The No 7 bus was late arriving, in fact it was embarrassed of the fact and came incognito as the No 5, changing itself whilst we weren’t looking! As other people headed to the bus who’d also been waiting we went to check, managing to stop the driver from heading off without us. Then we wanted a Cambridgeshire Multibus ticket which the driver had never heard of, so this took another five minutes at least to sort. Would we make our connection? The answer to this was no! By the time we reached Sawston we’d missed the 7A by at least five minutes. What to do now? There was still quite a distance to go and there was over an hours wait for the next service.

Thankfully the next bus got us that bit closer, dropping us off in the village of Duxford. From here we found a footpath that took us across a field, from where we could see our destination, a very large hanger on the other side of the M11. After a mile and a half walk we’d arrived walking underneath the wings of a Spitfire at the gates of the Imperial War Museum Duxford.

Lots and lots of planes

With some birthday money Mick had decided to treat us to a visit to the airfield. The museum is vast as you’d expect being on an airfield, stretching out almost as far as we could see. Today would be a long day making the most of our visit.

Trident Two

First we headed for the British Airliner Collection, looked after by the Duxford Aviation Society. Mick had been in contact with them via Facebook a couple of days ago and a chap called Jim had offered to come and open up one of the planes for us to have a look inside, they are only open up when there are enough volunteers about. We loitered on the tarmac whilst Jim unlocked all the doors, then we were shown inside, the Closed signs put back in position behind us. We’d have the plane to ourselves for a while.

This Trident Two was flown by Mick’s Dad fifty years ago shortly before he retired from being a pilot. This year Peter would have been 100, so this was a visit we just had to make.

Jim and Mick in the cockpit

Jim showed us into the spacious cockpit. The Co-pilots seat would be easier to get into as there was no jump seat behind it, but Mick wanted to sit in the left hand seat, the pilots seat, saying ‘Hello Dad’ as he sat down.

Jim ran us through all the instruments, although Mick knew most of them anyway. Stories were exchanged and of course photos taken.

This Trident Two flew with British European Airways from 1968 to 1972, when it was leased to Cyprus Airways. Damaged by gunfire during the Turkish invasion of Cyprus in 1974, it was abandoned at Nicosia Airport. In 1977 the bullet holes were repaired and after a complete overhaul it re-joined the fleet in what was by then British Airways until it was retired in 1982.

Captain Geraghty and Co-pilot Leckenby

Tridents were built with ‘blind landing’ capabilities, the plane able to land in thick fog, enabling them to be a reliable passenger service. It had a range of 2,700 miles and could carry 115 passengers at a cruising speed of 580mph.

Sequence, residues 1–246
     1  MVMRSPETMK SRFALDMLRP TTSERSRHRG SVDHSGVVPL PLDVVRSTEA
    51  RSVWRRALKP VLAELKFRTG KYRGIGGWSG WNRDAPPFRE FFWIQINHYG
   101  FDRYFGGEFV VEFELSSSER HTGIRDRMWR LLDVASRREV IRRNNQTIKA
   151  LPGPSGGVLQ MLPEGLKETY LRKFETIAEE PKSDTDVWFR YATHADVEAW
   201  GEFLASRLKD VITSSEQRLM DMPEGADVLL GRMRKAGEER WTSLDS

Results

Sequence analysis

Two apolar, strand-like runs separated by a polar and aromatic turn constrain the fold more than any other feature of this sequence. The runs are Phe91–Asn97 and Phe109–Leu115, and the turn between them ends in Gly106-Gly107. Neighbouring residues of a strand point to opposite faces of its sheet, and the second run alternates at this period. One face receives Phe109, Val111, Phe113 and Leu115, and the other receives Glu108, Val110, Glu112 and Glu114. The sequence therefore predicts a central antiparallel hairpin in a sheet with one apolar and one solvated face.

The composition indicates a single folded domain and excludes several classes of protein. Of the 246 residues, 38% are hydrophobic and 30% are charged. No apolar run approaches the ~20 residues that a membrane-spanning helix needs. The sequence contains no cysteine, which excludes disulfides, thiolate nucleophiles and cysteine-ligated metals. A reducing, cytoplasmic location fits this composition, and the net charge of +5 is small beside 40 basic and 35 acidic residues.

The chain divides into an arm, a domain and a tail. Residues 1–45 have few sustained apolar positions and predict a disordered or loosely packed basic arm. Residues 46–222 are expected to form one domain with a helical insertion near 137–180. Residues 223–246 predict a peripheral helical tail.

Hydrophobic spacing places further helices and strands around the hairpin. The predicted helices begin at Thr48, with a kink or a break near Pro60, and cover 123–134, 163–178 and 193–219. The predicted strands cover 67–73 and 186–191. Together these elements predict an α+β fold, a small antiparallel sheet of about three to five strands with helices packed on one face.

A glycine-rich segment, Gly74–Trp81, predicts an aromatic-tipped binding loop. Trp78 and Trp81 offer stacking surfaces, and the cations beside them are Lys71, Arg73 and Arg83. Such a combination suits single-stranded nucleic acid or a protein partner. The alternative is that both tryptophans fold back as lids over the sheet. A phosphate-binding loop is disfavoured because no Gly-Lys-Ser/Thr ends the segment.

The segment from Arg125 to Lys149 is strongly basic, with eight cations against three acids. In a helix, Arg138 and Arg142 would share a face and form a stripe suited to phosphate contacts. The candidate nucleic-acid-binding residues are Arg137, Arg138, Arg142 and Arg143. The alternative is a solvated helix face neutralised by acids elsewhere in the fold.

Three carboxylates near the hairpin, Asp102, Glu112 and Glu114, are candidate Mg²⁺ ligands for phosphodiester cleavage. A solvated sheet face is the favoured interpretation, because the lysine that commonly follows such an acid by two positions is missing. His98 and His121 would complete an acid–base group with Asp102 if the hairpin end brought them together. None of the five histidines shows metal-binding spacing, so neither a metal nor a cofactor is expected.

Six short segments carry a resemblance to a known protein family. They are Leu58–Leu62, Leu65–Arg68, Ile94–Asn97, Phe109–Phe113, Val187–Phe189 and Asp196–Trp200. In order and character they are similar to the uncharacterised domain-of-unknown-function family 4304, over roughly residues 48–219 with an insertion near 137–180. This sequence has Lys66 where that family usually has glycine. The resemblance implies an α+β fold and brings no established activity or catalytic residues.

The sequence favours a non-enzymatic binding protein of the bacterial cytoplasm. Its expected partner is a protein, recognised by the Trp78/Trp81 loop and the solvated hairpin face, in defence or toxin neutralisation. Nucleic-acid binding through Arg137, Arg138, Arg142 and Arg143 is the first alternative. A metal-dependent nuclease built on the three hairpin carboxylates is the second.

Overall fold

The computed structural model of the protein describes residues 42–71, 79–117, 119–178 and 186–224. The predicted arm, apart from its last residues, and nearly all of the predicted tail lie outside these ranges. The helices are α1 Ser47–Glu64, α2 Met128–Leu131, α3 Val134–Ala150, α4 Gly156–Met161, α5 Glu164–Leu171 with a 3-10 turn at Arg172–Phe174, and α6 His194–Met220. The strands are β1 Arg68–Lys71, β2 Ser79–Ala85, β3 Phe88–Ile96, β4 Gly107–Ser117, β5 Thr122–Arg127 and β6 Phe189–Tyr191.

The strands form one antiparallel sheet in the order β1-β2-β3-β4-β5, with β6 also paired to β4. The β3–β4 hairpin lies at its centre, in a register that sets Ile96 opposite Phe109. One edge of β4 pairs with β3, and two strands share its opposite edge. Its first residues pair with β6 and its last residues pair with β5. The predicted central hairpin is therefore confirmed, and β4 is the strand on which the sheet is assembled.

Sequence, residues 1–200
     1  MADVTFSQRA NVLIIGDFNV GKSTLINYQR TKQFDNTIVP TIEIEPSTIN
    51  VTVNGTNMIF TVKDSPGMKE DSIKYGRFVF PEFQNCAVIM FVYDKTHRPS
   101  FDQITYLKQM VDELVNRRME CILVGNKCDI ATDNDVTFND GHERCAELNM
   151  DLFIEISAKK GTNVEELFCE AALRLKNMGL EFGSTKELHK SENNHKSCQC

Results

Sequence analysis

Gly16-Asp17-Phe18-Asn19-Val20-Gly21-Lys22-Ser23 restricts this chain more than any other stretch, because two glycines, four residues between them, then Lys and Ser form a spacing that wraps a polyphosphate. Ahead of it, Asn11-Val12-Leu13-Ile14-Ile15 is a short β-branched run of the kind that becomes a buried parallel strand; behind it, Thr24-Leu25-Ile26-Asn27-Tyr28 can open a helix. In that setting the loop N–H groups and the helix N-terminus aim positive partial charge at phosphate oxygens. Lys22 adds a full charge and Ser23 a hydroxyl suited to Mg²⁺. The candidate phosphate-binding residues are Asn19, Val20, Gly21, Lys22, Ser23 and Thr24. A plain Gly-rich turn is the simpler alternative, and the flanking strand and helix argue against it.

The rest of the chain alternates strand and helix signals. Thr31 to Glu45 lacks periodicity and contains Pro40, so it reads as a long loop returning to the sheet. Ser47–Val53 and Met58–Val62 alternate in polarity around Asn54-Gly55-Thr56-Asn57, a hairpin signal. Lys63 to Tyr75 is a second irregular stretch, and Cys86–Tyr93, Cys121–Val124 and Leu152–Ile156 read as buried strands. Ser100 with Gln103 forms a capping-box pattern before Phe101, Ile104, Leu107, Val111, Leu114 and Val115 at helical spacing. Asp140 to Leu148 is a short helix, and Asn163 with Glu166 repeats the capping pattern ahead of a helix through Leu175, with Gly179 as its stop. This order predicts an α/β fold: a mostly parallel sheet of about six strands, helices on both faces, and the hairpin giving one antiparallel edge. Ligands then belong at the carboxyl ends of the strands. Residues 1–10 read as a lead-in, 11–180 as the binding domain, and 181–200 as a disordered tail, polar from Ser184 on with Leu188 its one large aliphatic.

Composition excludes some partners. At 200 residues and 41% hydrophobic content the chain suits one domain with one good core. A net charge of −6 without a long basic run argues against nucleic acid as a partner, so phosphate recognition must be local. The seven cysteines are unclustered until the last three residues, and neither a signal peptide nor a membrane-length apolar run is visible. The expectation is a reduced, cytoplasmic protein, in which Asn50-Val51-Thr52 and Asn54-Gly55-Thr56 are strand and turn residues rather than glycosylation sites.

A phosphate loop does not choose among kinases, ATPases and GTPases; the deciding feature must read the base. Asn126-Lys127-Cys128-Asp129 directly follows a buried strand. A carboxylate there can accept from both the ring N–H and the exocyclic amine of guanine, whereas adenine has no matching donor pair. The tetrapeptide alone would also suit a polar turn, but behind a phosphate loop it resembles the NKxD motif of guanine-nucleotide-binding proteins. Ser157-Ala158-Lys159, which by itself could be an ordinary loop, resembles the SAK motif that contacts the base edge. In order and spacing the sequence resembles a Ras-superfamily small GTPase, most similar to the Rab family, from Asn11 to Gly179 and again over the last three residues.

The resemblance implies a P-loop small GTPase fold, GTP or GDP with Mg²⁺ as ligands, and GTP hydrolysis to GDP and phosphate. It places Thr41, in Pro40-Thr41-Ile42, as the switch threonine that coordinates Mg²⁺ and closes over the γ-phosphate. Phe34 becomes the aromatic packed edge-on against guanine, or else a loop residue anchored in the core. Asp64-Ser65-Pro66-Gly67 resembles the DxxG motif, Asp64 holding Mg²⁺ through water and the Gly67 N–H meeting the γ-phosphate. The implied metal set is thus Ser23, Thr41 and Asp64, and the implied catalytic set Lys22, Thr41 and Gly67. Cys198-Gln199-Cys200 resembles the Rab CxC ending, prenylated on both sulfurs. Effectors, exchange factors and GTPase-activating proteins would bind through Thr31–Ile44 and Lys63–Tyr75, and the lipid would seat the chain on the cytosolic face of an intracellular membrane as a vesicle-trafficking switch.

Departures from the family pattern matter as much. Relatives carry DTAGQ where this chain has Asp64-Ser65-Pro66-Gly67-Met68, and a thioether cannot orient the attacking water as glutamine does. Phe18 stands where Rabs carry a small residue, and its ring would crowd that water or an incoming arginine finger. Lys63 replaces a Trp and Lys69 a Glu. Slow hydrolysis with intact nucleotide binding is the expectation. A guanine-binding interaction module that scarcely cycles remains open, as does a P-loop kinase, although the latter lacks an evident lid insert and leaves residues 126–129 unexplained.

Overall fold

I’d been expecting Jim to be older, volunteers at museums like this tend to be. But Jim knew his stuff, he holds a pilots licence and has worked around airliners and is most definitely a plane enthusiast. As he showed us into the cabin a chap came saying he was wanting to give the Trident a wash and hadn’t expected it to be open today. With our leisurely tour over Jim locked the plane back up and moved over to open up the plane next door.

We walked up the line of British Airliners. A Viscount, Peter may have flown this plane too, along with the last plane in the line an Airspeed Ambassador which became known as an Elizabethan after the newly crowned Queen, it is the last one in the world.


Planes were taking off and coming in to land, the runway in constant use, we didn’t feel the need for a flight at £45 a go, what we now needed was a cuppa and a snack whilst formulating a plan for the remainder of the day. A cafe in the American hanger provided us with refreshments and we plotted ourselves a route back towards the entrance, picking and choosing what we’d see.

If Mick’s Dad hadn’t retired he would most probably have moved on to flying the BAC I-II which was designed and built in Britain and was the most successful, 244 were built. Jim showed us round this plane too, a much more compact cockpit, no navigator seat required. A much narrower plane with no first class seats. Having a door under the tail meant that turn arounds could be swift. The plane could land, luggage off loaded, refuelled, new luggage and passengers were on board and ready for take off in the blink of an eye.


Thank you so much to Jim for volunteering, opening up the planes and giving us a lot of your time.

The Battle of Britain Ops Block told the story of those who worked at Duxford. The base supported the defence of London with several squadrons flying out from here. The Dowding System was employed where the country was divided into groups, then subdivided into sectors, each sector having a Sector Station with an Ops Room.

The table

Wing Commander Alfred ‘Woody’ Woodhall, who was found to be short sighted in one eye at the beginning of WW2. Pilots were not allowed to wear glasses, so he got round this by wearing a monocle and continued flying for some time, later becoming Duxfords Station Commander.